In many areas of scientific endeavour, knowledge across multiple disciplines has provided innovative solutions to important problems. This course provides a well-rounded and diverse skill set, preparing you for a career that can span science, technology and mathematics.
Multidisciplinary science is a flexible course that allows you to design a major that suits your background and career goals. You have the freedom to personalise your study plan in consultation with Curtin staff, while meeting the requirements for a degree in science.
You can combine science disciplines from agriculture, biochemistry, biology, chemistry, computing, environmental, geology, mathematics and physics – which may open the door to various STEM careers or to further science education.
Alternatively, you can combine study of a science discipline with study from another faculty for careers in biomedical science, bioinformatics, genetics, food science, digital design, visualisation, management, professional writing or languages.
You can also use Multidisciplinary Science as a pathway into another course (such as those listed below) if you don't have that course's prerequisites.
Data Science, Engineering, Mathematics and Physics
If you'd like to study Data Science, Engineering, Mathematics or Physics but you don't have the prerequisite subject/s, you can complete them in Multidisciplinary Science, along with other units from your preferred course.
If you need to improve your ATAR, complete a minimum of 100 credit points in one semester (including the prerequisite subject/s you lack), and achieve a semester weighted average of more than 65%.
Medical Radiation Science
If you'd like to study Medical Radiation Science but don't have the mathematics or physics prerequisites, you can complete them in Multidisciplinary Science, along with other units from Medical Radiation Science.
If you need to improve your ATAR, complete a minimum of 75 credit points in one semester (including the prerequisite subjects you lack) and achieve a course weighted average of more than 80% to be considered. (Places are limited and entry is competitive, so you may need a higher average in a given enrolment period.)
See our handbook for more course information.
What jobs can the Multidisciplinary Science Major (BSc Science) lead to?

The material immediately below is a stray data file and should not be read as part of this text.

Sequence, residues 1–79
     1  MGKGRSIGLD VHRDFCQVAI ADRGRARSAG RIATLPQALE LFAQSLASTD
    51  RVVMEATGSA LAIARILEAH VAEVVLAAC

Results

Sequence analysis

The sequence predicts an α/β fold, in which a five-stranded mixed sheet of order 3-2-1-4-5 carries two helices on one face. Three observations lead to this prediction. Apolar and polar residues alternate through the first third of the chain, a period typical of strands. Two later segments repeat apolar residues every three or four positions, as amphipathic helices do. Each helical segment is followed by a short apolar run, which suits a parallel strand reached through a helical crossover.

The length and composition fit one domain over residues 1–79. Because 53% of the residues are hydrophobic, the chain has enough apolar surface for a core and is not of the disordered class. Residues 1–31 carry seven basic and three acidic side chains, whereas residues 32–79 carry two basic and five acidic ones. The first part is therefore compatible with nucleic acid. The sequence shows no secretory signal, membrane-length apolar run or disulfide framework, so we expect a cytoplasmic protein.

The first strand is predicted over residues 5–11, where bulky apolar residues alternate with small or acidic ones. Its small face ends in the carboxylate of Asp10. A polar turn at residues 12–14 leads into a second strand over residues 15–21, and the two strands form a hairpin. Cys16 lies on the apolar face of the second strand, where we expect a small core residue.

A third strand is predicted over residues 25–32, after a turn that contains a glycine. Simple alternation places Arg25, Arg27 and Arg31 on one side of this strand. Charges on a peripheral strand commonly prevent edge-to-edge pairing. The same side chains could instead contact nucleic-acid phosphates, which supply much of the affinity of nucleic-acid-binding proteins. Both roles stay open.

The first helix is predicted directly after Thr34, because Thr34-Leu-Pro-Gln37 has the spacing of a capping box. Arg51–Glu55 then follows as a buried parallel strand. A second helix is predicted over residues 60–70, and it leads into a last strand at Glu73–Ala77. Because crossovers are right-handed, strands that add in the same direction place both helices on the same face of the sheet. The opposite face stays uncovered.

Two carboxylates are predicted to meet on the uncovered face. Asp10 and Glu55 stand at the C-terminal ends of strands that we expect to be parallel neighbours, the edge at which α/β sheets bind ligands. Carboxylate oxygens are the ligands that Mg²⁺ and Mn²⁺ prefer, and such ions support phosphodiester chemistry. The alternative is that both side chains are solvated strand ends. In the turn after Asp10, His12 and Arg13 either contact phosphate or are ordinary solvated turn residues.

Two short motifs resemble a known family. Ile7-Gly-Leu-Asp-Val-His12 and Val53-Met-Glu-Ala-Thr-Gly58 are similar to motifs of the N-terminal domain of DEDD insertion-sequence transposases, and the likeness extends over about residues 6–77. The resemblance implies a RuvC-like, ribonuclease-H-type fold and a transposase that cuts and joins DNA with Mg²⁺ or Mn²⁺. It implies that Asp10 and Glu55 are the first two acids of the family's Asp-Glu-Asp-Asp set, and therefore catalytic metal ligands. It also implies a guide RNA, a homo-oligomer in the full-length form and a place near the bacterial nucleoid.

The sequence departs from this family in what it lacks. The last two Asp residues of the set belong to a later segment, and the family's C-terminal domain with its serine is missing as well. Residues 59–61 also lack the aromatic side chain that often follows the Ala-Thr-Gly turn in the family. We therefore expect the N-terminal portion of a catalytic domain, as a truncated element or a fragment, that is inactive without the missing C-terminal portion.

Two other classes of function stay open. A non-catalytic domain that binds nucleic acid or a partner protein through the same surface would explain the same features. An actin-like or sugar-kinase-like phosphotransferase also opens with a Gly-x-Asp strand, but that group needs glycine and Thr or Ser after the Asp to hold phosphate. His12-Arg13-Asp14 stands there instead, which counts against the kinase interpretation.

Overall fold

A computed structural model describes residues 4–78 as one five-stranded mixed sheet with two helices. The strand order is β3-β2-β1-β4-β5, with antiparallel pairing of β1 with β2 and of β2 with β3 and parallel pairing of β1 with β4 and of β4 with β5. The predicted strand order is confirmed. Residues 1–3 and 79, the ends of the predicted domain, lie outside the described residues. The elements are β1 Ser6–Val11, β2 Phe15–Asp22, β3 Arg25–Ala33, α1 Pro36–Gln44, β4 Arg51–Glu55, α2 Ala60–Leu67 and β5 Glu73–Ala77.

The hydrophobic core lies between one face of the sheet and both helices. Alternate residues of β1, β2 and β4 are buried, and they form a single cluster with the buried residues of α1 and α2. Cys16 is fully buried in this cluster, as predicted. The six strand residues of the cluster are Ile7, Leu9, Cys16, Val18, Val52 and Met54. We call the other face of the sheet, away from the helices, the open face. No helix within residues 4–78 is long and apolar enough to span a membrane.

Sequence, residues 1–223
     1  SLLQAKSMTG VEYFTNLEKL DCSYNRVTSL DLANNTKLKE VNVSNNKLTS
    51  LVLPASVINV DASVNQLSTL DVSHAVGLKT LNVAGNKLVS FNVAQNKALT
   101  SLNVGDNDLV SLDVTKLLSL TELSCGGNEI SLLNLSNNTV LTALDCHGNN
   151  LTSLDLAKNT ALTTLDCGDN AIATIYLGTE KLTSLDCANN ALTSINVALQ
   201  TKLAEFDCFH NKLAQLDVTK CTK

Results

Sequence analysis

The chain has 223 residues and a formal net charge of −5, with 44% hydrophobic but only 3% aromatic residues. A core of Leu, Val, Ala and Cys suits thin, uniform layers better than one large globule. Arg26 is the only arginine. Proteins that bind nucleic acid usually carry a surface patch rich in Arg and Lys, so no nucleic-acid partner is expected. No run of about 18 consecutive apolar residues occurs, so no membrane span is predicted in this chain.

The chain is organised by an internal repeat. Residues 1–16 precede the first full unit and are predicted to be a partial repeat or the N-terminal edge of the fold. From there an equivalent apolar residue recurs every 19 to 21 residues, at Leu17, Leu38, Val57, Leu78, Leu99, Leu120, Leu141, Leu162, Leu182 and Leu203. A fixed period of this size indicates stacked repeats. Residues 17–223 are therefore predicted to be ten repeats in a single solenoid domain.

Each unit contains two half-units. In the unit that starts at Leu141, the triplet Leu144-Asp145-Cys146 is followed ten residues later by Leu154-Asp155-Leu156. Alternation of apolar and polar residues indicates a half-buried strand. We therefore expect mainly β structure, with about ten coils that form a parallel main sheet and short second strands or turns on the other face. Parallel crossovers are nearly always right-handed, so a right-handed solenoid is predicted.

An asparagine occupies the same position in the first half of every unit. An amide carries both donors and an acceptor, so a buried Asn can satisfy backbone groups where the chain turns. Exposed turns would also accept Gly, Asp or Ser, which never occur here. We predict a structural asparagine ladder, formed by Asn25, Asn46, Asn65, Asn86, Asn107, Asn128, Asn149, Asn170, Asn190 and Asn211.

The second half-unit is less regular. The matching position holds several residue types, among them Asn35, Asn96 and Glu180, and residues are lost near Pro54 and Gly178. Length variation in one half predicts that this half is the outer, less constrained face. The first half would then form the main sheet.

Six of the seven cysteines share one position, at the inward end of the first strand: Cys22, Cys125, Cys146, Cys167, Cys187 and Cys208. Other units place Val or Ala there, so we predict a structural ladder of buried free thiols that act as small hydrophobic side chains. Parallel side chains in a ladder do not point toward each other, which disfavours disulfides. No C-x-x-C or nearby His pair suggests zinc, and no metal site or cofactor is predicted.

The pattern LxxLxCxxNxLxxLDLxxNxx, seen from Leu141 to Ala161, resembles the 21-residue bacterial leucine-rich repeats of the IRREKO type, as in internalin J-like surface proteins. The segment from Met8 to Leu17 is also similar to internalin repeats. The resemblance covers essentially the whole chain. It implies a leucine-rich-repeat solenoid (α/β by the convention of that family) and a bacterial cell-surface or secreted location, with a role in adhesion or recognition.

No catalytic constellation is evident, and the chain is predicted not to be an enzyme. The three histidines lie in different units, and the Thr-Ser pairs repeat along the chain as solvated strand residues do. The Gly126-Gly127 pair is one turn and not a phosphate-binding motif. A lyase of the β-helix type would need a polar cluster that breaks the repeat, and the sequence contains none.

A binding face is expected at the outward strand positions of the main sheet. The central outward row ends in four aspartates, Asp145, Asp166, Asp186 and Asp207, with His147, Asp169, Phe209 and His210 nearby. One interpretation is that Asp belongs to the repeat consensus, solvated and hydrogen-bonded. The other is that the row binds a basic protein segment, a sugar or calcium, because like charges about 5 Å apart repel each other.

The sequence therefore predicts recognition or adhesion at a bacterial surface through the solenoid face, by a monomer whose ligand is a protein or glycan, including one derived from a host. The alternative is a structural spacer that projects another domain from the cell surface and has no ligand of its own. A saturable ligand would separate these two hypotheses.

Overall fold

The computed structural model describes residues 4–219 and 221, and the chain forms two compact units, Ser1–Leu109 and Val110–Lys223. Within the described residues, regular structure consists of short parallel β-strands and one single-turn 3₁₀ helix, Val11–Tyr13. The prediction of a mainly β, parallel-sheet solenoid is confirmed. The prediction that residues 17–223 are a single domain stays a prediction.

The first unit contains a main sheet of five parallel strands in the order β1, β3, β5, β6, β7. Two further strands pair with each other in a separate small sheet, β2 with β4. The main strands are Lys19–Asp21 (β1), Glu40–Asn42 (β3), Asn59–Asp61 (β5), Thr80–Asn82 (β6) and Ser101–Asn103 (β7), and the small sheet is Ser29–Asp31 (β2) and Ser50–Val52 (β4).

Complementary skills allow you to compete in industrial or government occupations, or develop a broad science background that can enrich a teaching career. Opportunities exist across a wide spectrum, depending on units chosen. For example, you could aim to become a professional science writer by combining science units with journalism.
You could also be ideally placed to pursue a career in secondary science education, through the development of a very broad science or mathematics background and the flexibility to include an education minor for a teaching specialisation. You could also choose to undertake postgraduate study to further expand your career options.
What you'll learn
- demonstrate knowledge and understanding in at least two scientific areas of study; recognise the limitations of scientific theories and the problem-solving capability of science; apply scientific principles and methodology to the solving of scientific problems
- plan and design with guidance, experiments to test scientific theories; perform measurements with due regards to accuracy and precision; provide solutions to study problems and experimental designs, thinking creatively to develop innovative solutions
- access a variety of existing information in the chosen scientific areas of study; determine the physical meaning, application, and societal implication of physical data and phenomena
- competently use information technology and a variety of tools to retrieve, manipulate, transform and present data and information
- communicate effectively, through the written word and by oral presentation of project work, within an ethical and professional framework of their chosen scientific area of study
- design, construct and use appropriate experimental apparatus or algorithms to solve problems; apply and develop computational and statistical processes to experimental data with due regard to accuracy and precision; recognise and assess the limitations of experimental apparatus or methods, or algorithms in solving scientific problems
- develop independent study and time management skills that will enhance learning capabilities in subsequent years of study and in professional life
- recognise the universal nature of scientific disciplines; recognise that while nature/science and its language are acultural, the application and ways of working may have cultural dimensions
- demonstrate a professional attitude to the conduct of project work; apply an ethical approach to analysis of scientific data and information